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You are on page 1of 59

Is there a way to invest in stocks to take

advantage of the high returns while

minimizing the risks?

Investing in portfolios enables investors to

manage and control risk while receiving high

returns.

A portfolio is a collection of financial assets

Risk and Return

Risk The meaning in everyday

language: The probability of losing

some or all of the money invested

Understanding the risk-return

relationship involves:

Define risk in a measurable way

Relate that measurement to a return

3

about Risk and Return

Portfolio theory defines investment risk in a

measurable way and relates it to the expected

level of return from an investment

Major impact on practical investing activities

The rate of return allows an investment's

return to be compared with other

investments

One-Year Investments

The return on a debt investment is

k = interest paid / loan amount

k = [D1 + (P1 P0)] / P0

The expected return on stock is the

return investors feel is most likely to

occur based on current information

Anticipated return based on the dividends

expected as well as the future expected

price

The required return on a stock is the

minimum rate at which investors will

purchase or hold a stock based on their

perceptions of its risk

A preliminary definition of investment risk is the

probability that return will be less than expected

Feelings About Risk

Most people have negative feelings about

bearing risk: Risk Aversion

Most people see a trade-off between risk and return

Higher risk investments must offer higher expected

returns to be acceptable

Random Variable

In statistics, a random variable is the

outcome of a chance process and has a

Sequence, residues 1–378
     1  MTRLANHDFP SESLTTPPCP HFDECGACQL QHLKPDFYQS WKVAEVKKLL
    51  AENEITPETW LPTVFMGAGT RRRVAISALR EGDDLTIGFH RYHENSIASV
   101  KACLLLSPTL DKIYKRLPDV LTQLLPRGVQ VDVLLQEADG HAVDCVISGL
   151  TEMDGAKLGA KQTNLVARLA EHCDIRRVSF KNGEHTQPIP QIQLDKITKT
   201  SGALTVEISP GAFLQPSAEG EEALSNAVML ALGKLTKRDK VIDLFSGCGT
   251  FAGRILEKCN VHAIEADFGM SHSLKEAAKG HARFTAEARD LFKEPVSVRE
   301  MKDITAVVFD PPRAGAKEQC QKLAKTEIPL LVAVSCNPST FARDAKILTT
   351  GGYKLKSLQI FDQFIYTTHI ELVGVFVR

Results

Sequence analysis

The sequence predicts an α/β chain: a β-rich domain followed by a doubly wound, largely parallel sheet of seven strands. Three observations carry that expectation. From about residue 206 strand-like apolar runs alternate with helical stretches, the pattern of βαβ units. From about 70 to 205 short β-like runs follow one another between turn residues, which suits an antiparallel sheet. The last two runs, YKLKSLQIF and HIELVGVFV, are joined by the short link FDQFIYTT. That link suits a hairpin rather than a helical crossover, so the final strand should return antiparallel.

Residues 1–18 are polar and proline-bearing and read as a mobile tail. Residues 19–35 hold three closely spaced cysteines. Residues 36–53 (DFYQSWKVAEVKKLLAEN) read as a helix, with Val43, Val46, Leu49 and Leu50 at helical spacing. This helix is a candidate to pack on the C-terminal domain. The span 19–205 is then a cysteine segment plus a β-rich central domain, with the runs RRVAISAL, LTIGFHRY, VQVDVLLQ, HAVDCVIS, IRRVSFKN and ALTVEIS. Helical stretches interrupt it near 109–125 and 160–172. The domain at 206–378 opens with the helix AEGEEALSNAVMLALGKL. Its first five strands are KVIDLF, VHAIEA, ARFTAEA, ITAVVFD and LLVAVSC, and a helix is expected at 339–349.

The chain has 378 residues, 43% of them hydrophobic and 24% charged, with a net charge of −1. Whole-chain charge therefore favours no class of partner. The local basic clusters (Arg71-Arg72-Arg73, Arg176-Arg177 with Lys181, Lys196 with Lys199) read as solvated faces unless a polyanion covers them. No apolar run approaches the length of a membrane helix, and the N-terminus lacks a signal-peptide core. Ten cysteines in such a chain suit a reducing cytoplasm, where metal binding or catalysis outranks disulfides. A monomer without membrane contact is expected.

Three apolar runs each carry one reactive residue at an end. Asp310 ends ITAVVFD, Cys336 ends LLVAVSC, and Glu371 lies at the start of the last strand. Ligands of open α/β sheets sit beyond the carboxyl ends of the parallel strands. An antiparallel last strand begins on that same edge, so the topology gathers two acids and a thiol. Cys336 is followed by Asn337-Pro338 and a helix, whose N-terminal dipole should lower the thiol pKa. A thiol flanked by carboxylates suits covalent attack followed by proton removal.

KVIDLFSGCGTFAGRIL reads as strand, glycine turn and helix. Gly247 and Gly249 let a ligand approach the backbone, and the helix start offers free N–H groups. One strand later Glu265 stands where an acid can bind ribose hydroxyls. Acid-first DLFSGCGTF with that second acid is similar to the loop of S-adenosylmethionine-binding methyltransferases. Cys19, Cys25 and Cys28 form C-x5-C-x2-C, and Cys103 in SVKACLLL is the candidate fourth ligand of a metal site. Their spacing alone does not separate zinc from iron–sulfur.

probability distribution

Discrete variables can take only specific

variables

Continuous variables can take any value

within a specified range

Random Variable

The Mean or Expected Value

The most likely outcome for the random

variable

the mean is the center of the distribution.

Statistically it is the weighted average of

all possible outcomes

n

X = XiP Xi

i=1

10

Random Variable

Variance and Standard Deviation

Variability relates to how far a typical

observation of the variable is likely to

deviate from the mean

The standard deviation gives an indication

of how far from the mean a typical

observation is likely to fall

11

Random Variable

Variance and Standard Deviation

Variance

Var X Xi X P Xi

i=1

2

x

mean

Standard deviation

SD X

x Xi X P Xi

i=1

n

12

Discrete Probability Distributions

P(X)

0.0625

0.2500

0.3750

0.2500

0.0625

distribution is 2, since

it is a symmetrical

distribution.

1.0000

chance of getting x heads?

13

Distribution

14

Calculating the Mean of a Discrete Distribution

15

Variance and Standard Deviation

16

Random Variable

The Coefficient of Variation

A relative measure of variation the ratio of the

standard deviation of a distribution to its mean

CV = Standard Deviation Mean

X

CV

X

17

Random Variable

Continuous Random Variable

Can take on any numerical value within

some range

The probability of an actual outcome

involves falling within a range of values

rather than being an exact amount

18

Continuous Random Variable

19

Random Variable

Return is influenced by stock price and dividends

Return is a continuous random variable

The mean of the distribution of returns is the

expected return

The variance and standard deviation show how

likely an actual return will be some distance from

the expected value

20

Return on an Investment in Stock X

21

Large and Small Variances

22

In portfolio theory, risk is variability as measured by

variance or standard deviation

A risky stock has a high probability of earning a return

that differs significantly from the mean of the

distribution

A low-risk stock is more likely to earn a return similar

to the expected return

In practical terms risk is the probability that return will

be less than expected

23

Variability of Return Over Time

Both stocks have

the same expected